As the aircraft began to round the south-eastern coast of Malta, a Horsa and two Wacos came down in the sea, although one of the latter may have been a glider which, due to a gross error of navigation on behalf of their tug crew, was released over Malta in the belief that it was Sicily. Aboard were half of "A" Company Headquarters of the 1st Border, and when they disembarked and heard a Jeep approaching, they tried to persuade the British occupants, whom they naturally assumed were airborne troops from a different unit, to give them a left to the Battalion Rendezvous. After several refusals to cooperate and a heated exchange, it became apparent that they were in fact in Malta, and moreover that their glider was presently blocking a runway and preventing fighter aircraft from taking off.

 

All but 5% of the glider force had reached Malta, but the situation rapidly deteriorated as the aircraft headed north towards Sicily. The wind continued to make life very difficult for both tug and glider pilots, and numerous combinations were blown off course and lost touch with the formation. The invasion had been timed to coincide with a period of moonlight to aid visual navigation, but gathering cloud had blotted the Moon from the skies and made the conditions perilous. It was so dark that glider pilots had great difficulty even spotting their own tug aircraft, nevermind those of other combinations that occasionally came within inches of a collision. Some glider pilots suddenly realised that they were flying parallel to their tugs or had even overtaken them, which could easily result in a broken tow rope or damage to the tug engines when they re-aligned themselves and the strain of several tons of glider was suddenly felt. In this precarious manner, the increasingly fragmenting formation approached Sicily.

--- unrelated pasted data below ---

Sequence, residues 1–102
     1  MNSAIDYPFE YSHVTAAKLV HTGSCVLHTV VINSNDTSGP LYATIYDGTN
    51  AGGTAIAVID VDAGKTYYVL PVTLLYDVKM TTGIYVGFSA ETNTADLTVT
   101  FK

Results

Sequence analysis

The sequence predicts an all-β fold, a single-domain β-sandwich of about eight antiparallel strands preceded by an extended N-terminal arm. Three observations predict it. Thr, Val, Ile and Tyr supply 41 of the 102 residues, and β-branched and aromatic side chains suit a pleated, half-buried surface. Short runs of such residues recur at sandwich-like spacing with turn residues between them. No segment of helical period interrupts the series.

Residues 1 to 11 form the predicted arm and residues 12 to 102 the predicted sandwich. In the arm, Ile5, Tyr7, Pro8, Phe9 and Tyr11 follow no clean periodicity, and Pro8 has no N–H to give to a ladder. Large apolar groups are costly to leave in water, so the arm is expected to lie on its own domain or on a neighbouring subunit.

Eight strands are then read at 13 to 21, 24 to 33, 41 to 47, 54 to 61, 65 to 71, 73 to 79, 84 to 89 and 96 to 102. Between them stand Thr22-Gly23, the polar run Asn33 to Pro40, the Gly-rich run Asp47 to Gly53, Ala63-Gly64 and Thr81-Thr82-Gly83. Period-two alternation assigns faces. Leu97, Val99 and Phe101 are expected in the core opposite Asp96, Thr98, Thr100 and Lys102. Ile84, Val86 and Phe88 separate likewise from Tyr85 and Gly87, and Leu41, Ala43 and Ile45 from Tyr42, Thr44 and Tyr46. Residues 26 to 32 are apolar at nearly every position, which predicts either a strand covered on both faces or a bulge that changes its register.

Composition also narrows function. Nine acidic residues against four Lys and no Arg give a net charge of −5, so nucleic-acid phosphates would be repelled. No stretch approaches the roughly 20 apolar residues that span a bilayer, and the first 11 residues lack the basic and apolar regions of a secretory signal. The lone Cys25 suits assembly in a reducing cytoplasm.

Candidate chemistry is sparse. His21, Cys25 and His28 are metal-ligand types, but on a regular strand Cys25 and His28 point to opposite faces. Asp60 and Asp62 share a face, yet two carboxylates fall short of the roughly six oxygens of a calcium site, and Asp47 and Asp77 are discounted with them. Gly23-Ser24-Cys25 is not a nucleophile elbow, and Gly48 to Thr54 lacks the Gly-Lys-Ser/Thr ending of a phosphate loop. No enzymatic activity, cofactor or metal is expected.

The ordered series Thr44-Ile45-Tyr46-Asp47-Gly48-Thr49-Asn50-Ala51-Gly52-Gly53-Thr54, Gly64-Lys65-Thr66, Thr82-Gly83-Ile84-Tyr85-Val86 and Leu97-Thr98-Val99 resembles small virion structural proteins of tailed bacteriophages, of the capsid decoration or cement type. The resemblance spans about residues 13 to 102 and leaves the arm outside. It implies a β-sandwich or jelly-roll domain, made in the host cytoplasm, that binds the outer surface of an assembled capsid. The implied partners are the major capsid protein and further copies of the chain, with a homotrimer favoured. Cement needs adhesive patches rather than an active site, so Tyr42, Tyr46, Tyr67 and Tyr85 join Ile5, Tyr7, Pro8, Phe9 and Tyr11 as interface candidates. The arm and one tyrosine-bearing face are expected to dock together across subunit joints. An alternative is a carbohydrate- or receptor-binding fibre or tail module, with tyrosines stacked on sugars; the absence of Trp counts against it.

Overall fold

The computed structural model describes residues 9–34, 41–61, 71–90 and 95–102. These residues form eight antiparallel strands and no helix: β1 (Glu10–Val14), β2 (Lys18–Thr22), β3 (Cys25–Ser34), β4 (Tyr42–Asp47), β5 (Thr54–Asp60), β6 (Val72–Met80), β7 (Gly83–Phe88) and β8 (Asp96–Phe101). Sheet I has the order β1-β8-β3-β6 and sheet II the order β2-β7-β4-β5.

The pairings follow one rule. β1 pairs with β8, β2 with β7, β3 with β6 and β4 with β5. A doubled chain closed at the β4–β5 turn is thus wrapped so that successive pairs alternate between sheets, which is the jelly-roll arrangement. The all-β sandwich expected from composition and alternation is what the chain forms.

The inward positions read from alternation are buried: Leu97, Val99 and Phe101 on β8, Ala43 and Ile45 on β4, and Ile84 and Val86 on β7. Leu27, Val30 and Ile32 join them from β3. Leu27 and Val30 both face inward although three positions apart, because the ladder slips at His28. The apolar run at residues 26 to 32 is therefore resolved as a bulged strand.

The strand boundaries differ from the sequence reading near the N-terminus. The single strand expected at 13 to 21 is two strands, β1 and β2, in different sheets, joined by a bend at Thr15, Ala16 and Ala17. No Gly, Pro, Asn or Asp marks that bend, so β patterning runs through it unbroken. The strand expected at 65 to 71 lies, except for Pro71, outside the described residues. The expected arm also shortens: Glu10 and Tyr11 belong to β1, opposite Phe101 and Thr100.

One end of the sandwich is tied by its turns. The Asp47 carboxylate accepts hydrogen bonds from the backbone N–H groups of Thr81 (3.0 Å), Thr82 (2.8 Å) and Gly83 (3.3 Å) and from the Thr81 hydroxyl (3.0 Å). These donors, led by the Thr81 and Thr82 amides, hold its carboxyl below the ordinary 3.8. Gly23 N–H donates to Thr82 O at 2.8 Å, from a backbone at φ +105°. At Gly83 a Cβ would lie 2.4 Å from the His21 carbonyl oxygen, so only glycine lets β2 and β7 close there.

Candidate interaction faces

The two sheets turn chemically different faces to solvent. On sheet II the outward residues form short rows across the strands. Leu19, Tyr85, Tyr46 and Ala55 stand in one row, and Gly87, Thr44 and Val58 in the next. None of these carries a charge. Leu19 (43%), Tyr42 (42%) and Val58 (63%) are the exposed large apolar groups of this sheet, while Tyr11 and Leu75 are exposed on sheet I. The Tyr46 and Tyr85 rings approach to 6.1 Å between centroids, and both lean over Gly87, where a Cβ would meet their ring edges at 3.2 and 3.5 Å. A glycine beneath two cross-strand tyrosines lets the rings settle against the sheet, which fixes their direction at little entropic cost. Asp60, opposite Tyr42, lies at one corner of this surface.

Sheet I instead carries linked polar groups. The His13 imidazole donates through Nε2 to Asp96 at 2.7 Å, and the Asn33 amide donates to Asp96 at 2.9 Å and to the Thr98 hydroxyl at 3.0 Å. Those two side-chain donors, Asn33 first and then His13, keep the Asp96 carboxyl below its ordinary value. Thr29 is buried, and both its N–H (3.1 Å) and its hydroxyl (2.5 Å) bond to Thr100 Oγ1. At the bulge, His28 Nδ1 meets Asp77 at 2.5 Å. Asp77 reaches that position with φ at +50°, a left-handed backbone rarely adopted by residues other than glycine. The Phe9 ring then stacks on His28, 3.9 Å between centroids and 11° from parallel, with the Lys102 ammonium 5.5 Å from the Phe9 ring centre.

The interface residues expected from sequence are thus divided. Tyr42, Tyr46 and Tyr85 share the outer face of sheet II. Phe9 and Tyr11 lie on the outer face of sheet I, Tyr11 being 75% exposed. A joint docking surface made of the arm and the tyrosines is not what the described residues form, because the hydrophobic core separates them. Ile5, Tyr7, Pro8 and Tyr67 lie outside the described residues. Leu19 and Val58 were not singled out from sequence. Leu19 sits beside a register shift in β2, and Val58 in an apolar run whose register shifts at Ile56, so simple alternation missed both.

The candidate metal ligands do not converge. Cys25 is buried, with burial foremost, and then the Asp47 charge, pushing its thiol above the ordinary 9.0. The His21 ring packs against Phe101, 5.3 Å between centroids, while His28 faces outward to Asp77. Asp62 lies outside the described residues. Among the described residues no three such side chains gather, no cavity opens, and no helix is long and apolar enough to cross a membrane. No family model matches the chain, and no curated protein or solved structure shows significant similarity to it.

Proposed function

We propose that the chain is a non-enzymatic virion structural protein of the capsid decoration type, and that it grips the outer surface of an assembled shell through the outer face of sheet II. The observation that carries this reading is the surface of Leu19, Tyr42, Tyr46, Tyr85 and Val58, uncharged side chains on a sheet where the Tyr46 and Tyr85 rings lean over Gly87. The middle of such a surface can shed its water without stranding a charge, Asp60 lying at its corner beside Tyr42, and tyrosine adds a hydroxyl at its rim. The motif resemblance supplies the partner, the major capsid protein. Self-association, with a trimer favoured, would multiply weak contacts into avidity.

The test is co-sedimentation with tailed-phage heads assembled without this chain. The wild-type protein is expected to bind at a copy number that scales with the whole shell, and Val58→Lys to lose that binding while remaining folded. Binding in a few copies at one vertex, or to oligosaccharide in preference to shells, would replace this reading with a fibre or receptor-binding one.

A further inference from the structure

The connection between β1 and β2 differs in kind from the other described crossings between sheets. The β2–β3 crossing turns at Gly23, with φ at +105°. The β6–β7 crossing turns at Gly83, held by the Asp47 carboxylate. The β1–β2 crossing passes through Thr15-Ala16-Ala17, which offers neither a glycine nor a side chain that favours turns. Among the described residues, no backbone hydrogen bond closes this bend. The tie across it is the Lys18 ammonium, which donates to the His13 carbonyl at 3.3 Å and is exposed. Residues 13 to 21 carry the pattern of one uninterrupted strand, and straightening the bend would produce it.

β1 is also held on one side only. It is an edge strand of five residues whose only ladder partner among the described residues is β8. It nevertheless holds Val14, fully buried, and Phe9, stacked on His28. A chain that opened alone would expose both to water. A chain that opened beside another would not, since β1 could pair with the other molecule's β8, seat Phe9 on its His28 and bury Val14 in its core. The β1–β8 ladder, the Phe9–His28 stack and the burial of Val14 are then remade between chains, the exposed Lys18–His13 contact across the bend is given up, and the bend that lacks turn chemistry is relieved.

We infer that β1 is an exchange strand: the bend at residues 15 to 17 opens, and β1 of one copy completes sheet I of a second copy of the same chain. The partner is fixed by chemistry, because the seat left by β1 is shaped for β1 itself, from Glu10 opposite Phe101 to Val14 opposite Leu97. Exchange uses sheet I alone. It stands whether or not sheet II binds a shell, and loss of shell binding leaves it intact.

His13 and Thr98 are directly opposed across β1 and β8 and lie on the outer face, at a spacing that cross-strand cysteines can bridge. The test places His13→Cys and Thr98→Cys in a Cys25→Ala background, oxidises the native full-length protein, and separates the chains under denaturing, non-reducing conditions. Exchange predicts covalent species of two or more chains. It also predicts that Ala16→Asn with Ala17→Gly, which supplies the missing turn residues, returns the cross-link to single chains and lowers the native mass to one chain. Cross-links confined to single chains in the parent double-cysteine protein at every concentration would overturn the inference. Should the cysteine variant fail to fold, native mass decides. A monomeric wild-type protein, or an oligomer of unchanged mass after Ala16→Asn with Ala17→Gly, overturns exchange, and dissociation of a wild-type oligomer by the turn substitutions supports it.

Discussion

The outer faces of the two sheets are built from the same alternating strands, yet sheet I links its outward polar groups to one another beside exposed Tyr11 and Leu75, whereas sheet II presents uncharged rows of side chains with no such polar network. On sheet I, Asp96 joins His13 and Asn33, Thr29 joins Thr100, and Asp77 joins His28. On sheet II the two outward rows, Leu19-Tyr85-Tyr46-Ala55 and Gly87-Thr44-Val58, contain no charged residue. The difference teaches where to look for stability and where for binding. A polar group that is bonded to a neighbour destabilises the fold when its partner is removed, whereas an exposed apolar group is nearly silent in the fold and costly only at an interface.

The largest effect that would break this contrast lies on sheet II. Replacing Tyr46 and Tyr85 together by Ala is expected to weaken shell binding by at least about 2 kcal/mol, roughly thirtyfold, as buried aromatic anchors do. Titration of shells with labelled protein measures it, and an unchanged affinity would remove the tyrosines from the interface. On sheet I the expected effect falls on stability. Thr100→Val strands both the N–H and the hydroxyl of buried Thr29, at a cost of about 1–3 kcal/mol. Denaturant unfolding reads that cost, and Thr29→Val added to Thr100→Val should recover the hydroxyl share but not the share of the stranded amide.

As the drone of aircraft engines was heard on the coastline, Italian anti-aircraft batteries opened fire, their bright muzzle flashes further complicating the already difficult job of the navigators and pilots to identify landmarks. Searchlights that had survived earlier attacks from RAF Hurricanes, scanned the skies and illuminated aircraft and gliders. It was here that the combat inexperience of the American pilots began to tell. The flak was inaccurate and posed little threat to life and limb; indeed it was later found that not one of the American aircraft had received any damage, which was hardly surprising as the flak was nowhere near the point where the gliders were to be released. But the noise and flashes panicked some of the American crews and certainly caused confusion amongst all parties. Some aircraft, miles away from the fire but close enough to be intimidated by it, turned back to North Africa with their gliders in tow, others followed suit but simply cut the gliders adrift at any height, facing in any direction, and in many cases with the knowledge that the men inside had no hope of reaching land. Most aircrews struggled with the conditions and tried to put their glider in the correct position, but the scene was so chaotic, with aircraft flying in all directions, that any sense of formation or accurate navigation was lost. The result was that the 144 gliders, less those that had been lost earlier in the flight, were for the most part scattered anywhere up to 30 miles from their landing zones, some further still. Many had been released far out to sea, much further than the prescribed distance of two miles, and so half of the 1st Airlanding Brigade, 73 gliders in all, ditched in the Mediterranean. Only 56 reached Sicily, and of these just 12 had come down on or within a respectable distance of their intended zones.